Prime Minister Scott Morrison will head to flood devastated regions in northern NSW after finishing a week in isolation following his COVID-19 diagnosis.
Mr Morrison was due to get on an aircraft on Wednesday morning to travel to Lismore, where four people have died, hundreds have been displaced and thousands of homes and businesses have been destroyed.
The prime minister has been holding rolling meetings of federal cabinet’s expenditure review committee during the NSW and southeast Queensland floods emergency to consider how communities can be supported, alongside the NSW and Queensland governments.
Mr Morrison is expected to announce more funding to help rebuild shattered communities and local businesses, with a focus on longer-term reconstruction projects, according to The Australian.
“The flooding disaster across southeast Queensland and NSW is absolutely devastating,” Mr Morrison tweeted on Tuesday.
“While the cleanup and recovery is well underway for some, many areas particularly around Lismore remain isolated … and critical supplies being airlifted in.”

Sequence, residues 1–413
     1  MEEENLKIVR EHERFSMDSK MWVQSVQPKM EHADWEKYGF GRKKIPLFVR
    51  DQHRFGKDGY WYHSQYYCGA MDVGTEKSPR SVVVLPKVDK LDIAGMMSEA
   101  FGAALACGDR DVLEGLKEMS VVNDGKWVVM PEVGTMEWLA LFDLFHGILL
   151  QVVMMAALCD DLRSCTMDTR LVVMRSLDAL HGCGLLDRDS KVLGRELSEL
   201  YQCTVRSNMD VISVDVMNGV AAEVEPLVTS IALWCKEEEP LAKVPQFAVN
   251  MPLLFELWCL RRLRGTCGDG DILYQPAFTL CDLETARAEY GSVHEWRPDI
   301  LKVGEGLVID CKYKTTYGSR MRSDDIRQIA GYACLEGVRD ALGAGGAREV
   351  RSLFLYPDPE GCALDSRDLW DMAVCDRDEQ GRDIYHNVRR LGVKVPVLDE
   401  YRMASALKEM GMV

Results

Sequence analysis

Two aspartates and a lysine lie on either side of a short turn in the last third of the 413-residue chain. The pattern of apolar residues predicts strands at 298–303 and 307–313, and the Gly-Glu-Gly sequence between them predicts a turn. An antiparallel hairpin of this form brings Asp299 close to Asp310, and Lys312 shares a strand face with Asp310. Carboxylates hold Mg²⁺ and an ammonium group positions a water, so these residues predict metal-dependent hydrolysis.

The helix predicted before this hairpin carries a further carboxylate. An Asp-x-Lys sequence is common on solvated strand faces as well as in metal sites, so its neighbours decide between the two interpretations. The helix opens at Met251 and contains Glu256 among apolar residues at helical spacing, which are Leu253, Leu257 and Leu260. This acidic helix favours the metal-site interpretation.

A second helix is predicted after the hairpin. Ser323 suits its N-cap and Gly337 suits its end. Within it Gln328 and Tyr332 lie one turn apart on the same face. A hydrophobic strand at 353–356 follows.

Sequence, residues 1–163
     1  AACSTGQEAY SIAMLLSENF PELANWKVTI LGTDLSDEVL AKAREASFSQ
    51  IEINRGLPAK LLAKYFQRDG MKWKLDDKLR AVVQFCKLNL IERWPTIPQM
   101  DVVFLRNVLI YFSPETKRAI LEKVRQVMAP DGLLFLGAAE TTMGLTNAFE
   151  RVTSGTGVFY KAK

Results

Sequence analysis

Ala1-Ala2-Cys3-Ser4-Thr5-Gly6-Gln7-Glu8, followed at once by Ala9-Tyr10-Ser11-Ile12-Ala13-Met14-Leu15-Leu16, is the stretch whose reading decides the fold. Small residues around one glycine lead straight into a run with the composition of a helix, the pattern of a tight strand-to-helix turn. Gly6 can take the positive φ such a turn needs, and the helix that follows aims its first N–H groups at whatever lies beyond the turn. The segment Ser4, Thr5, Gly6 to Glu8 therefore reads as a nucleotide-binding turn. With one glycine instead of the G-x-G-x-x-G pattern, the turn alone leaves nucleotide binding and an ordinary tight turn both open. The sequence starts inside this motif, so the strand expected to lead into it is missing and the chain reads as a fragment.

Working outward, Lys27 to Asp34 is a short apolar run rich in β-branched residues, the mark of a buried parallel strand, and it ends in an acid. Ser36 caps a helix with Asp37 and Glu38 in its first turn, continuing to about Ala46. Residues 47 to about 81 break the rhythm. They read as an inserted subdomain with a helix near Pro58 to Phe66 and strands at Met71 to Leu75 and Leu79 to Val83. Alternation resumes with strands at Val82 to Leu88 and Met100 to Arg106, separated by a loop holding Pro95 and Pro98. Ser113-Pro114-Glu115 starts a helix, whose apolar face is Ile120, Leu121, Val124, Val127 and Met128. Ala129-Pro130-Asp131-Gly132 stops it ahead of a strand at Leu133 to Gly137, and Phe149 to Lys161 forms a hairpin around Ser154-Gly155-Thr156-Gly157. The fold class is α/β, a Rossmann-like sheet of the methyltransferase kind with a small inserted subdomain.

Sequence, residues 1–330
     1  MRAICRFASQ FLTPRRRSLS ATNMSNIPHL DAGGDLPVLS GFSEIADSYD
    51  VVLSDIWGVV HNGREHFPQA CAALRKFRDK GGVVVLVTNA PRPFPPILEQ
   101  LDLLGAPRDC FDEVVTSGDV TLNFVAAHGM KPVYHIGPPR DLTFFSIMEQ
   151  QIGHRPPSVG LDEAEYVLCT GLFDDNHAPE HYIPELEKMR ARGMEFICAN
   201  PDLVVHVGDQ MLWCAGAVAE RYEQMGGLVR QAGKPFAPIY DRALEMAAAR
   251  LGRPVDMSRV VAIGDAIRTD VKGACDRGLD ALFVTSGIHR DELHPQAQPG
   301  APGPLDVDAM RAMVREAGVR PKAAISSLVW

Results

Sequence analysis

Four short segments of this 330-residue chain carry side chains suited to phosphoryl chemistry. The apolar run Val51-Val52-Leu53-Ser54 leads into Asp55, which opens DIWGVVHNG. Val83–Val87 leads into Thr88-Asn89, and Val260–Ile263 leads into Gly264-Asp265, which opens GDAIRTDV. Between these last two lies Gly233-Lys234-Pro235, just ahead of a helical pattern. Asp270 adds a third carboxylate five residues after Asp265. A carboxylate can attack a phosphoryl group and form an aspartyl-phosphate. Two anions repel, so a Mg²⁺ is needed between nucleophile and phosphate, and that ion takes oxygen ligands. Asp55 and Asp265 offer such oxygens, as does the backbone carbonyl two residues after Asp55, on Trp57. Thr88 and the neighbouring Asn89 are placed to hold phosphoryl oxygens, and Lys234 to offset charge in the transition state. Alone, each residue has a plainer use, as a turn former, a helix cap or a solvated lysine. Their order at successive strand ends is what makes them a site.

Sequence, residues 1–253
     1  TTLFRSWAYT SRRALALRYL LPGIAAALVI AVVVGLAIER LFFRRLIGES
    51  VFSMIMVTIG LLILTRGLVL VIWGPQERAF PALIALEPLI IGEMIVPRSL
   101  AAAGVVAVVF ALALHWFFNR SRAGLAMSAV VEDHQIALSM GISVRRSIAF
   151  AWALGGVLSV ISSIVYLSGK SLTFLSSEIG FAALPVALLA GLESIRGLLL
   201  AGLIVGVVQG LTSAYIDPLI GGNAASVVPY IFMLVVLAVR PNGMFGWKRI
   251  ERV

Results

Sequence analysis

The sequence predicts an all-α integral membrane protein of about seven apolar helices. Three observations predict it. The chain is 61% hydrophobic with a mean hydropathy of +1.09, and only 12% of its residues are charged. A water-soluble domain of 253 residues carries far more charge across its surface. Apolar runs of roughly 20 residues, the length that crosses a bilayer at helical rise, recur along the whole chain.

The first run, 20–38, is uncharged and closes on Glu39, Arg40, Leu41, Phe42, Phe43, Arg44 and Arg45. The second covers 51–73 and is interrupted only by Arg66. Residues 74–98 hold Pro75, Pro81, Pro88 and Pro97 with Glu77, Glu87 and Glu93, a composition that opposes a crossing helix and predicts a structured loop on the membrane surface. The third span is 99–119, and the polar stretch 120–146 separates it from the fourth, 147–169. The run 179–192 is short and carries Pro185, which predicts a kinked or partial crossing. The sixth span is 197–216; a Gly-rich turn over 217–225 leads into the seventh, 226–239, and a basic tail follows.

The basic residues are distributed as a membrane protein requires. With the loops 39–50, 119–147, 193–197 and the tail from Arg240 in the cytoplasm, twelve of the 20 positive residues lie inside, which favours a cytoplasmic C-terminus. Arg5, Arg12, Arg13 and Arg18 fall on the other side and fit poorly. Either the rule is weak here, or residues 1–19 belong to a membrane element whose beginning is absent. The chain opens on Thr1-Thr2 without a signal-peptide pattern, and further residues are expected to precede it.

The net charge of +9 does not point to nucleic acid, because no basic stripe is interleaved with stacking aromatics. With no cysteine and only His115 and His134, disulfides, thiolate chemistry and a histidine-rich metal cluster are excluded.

More than 2000 Australian Defence Force personnel have been deployed across flood-affected areas since last week to help with rescues and the ensuing clean-up.
Mr Morrison said that number will increase to 5000 “over the next few days”.
Lismore community members and leaders have criticised the response, saying it’s been too slow.
During the height of the crisis, many residents were out on the floodwaters in their boats rescuing neighbours.
But Brigadier Robert Lording, who is on the ground in Lismore on Wednesday, said ADF personnel were moving from multiple sites around the country to staging sites out of Sydney and Melbourne.
“We have to give them the equipment they need,” he told the Nine Network.
“Most importantly, we need to have the conditions here on the ground to be able to sustain them and support them.
“That was particularly important the first few days of the operation.
“We can’t draw on the resources, the food, the petrol, the other supplies that are critical for the local communities.”
There were also issues with physically getting personnel into areas where access was limited or non-existent due to floodwaters and intense weather conditions.
As of Tuesday morning, more than $282 million in disaster payments to flood victims have been paid to 242,000 people.
Of that, $157 million has been paid to victims in NSW and $125 million in Queensland.